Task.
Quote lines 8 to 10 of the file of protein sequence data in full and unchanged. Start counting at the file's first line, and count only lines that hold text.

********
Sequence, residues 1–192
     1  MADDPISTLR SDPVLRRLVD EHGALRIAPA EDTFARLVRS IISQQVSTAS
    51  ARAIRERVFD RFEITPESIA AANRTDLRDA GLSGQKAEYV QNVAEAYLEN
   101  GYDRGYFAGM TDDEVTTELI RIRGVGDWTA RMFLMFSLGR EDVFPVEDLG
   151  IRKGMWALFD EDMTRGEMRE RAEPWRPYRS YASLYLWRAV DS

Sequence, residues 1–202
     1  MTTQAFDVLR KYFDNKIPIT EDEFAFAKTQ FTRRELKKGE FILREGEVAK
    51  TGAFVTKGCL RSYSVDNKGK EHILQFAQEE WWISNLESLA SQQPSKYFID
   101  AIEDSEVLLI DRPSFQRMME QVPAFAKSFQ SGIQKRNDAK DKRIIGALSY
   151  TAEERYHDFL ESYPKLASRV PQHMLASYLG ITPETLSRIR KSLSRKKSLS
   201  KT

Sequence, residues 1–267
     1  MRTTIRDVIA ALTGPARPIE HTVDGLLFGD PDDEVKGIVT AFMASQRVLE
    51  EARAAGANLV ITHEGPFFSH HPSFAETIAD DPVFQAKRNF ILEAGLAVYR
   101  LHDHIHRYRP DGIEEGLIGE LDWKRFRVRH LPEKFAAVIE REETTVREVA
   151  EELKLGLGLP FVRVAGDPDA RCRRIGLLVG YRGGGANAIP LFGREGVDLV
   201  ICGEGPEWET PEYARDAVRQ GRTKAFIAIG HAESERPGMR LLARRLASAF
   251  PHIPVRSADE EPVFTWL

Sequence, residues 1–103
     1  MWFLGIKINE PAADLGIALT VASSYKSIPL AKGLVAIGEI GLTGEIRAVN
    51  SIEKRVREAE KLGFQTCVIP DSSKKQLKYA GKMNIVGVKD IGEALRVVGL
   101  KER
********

    51  TGAFVTKGCL RSYSVDNKGK EHILQFAQEE WWISNLESLA SQQPSKYFID
   101  AIEDSEVLLI DRPSFQRMME QVPAFAKSFQ SGIQKRNDAK DKRIIGALSY
   151  TAEERYHDFL ESYPKLASRV PQHMLASYLG ITPETLSRIR KSLSRKKSLS